DNP Select Income Fund Inc.
55 East Monroe Street, Suite 3600
Chicago, Illinois 60603
December 15, 2003
Mr. Jonathan G. Katz
U.S. Securities and Exchange Commission
450 Fifth Street N.W.
Washington, DC 20549-0609
Dear Mr. Katz:
I am the Chairman of DNP Select Income Fund (NYSE:DNP) (the "Fund"), a closed-end diversified investment management company incorporated under the laws of Maryland. I appreciate this opportunity to comment on the Securities and Exchange Commission ("SEC") proposal to require companies to include shareholders' director nominees in company proxy materials under certain circumstances. As Chairman of the Fund since its inception in 1986, I would like to bring my practical experience to bear on some of the issues raised by the proposal.
I agree with Congress, the SEC and the securities markets that corporate boards and management must hold themselves to the highest standards of corporate governance. However, I believe that the proposed new rules, by making it easier for special-interest shareholders to create contested elections, will have a harmful effect on corporate governance and will make it harder for public corporations to attract and select board members who possess top qualifications and are committed to acting in the best interests of all shareholders.
I have had the opportunity to observe the director nomination process closely for the past seventeen years and have found that candidates with strong credentials who would make excellent directors are increasingly concerned about the potential liability exposure that directors of public companies face. I believe that the prospect of facing contested elections, when added to existing liability concerns, will further discourage qualified director candidates from standing for election.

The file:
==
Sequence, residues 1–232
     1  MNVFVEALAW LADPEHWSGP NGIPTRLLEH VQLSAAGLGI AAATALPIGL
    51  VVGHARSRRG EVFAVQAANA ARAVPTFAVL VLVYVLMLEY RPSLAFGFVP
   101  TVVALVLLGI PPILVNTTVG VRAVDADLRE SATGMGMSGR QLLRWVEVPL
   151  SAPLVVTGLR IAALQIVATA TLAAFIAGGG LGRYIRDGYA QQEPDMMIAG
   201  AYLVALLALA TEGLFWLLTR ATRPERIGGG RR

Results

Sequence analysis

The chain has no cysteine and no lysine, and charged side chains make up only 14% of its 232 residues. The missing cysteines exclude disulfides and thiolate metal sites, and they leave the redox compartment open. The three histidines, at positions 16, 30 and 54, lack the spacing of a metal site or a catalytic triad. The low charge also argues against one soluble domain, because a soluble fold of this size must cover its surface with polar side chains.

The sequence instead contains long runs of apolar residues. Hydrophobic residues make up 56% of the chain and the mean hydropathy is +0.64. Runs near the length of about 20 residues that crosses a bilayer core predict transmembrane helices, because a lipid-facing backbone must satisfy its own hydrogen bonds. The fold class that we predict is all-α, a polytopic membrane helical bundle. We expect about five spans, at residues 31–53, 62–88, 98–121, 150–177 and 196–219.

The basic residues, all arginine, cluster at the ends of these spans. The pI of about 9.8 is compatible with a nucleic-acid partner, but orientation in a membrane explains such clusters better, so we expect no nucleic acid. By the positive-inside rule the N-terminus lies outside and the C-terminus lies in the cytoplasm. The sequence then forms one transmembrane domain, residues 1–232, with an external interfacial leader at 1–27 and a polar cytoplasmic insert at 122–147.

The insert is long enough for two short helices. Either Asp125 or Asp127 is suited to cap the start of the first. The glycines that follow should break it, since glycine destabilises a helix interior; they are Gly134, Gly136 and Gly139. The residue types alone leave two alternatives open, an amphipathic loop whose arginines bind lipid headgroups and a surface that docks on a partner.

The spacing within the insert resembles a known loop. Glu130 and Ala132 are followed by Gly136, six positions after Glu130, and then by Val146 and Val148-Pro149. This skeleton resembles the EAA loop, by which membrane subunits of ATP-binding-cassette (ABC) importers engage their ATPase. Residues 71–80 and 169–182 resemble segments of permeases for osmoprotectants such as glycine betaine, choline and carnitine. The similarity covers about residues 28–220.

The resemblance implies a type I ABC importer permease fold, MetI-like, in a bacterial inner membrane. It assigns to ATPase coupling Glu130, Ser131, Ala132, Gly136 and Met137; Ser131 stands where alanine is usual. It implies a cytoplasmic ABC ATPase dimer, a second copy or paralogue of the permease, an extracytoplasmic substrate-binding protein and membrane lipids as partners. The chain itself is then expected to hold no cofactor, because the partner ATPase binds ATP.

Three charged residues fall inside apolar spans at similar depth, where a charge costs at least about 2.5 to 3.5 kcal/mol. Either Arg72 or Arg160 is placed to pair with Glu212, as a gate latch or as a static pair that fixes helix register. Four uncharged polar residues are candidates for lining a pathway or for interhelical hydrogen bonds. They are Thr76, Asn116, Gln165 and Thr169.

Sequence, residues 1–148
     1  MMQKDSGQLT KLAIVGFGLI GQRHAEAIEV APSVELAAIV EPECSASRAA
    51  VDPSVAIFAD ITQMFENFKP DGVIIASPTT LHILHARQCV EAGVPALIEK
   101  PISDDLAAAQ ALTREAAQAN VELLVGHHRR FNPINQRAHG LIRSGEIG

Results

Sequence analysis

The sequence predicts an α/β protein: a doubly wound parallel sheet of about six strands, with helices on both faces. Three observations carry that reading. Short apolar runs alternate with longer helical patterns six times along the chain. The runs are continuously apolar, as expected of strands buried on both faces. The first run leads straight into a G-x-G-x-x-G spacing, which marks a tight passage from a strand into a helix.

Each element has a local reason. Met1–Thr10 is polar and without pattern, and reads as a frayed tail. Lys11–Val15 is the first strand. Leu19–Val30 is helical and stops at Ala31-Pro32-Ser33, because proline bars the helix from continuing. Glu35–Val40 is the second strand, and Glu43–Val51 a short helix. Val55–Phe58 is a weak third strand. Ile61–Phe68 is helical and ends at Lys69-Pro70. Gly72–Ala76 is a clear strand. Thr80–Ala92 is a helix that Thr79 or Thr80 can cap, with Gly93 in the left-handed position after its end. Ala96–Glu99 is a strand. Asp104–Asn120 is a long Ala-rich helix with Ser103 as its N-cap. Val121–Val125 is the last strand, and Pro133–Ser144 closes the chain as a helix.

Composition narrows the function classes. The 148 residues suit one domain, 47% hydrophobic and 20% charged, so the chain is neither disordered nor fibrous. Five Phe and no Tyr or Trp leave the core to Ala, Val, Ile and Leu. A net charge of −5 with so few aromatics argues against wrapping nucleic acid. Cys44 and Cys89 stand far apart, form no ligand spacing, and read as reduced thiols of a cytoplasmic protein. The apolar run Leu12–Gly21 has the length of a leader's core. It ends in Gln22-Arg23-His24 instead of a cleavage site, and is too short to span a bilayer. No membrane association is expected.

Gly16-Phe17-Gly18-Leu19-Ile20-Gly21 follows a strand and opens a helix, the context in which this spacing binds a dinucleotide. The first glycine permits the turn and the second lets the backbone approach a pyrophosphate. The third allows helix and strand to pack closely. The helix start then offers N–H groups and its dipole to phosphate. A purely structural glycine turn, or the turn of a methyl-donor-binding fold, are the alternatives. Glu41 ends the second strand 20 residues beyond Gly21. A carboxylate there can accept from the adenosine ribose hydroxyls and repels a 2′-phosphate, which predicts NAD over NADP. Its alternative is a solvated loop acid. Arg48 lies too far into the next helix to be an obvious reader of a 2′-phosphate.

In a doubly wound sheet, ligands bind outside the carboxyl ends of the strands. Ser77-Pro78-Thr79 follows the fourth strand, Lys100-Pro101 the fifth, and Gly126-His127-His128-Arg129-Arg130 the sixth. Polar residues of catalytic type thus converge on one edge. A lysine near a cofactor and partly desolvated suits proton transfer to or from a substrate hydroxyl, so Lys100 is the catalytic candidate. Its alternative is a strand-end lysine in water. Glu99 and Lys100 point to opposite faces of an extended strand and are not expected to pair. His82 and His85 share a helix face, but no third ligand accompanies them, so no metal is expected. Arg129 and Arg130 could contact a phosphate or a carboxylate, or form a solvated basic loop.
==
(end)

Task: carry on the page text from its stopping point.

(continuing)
I would also like to respond to one of the specific questions posed by the SEC's proposing release (Question C.3). As proposed, the shareholder nomination procedure could be triggered if at least one of the company's nominees receives "withhold" votes from more than 35% of the votes cast. The proposing release asks whether 35% of the votes cast is the correct trigger. In my view, it is not. First, the required percentage should be a majority, so that a mere minority of shareholders is not able to trigger the drastic measures embodied in the proposed rules. Second, the required percentage should be of the total number of outstanding shares, not just the number of votes cast. The reason is that, practically speaking, a significant number of shareholders of public companies choose not to cast a proxy vote. Even though companies regularly devote substantial time and effort to "getting out the vote," many shareholders fail to respond, generally because they are satisfied with the way that corporate affairs are being conducted. By excluding those non-voting shareholders from the denominator, the rule proposal would effectively count them in the "withhold" camp, which I believe would be a serious mischaracterization of their position. All shareholders, whether voting or not, should be included in the denominator, and the trigger percentage should be measured as a percentage of the total number of outstanding shares.
Thank you for considering these concerns about the proposed rules. If you would like to discuss these comments or any other issue, please do not hesitate to contact me at (312) 630-4604.
Claire V. Hansen, CFA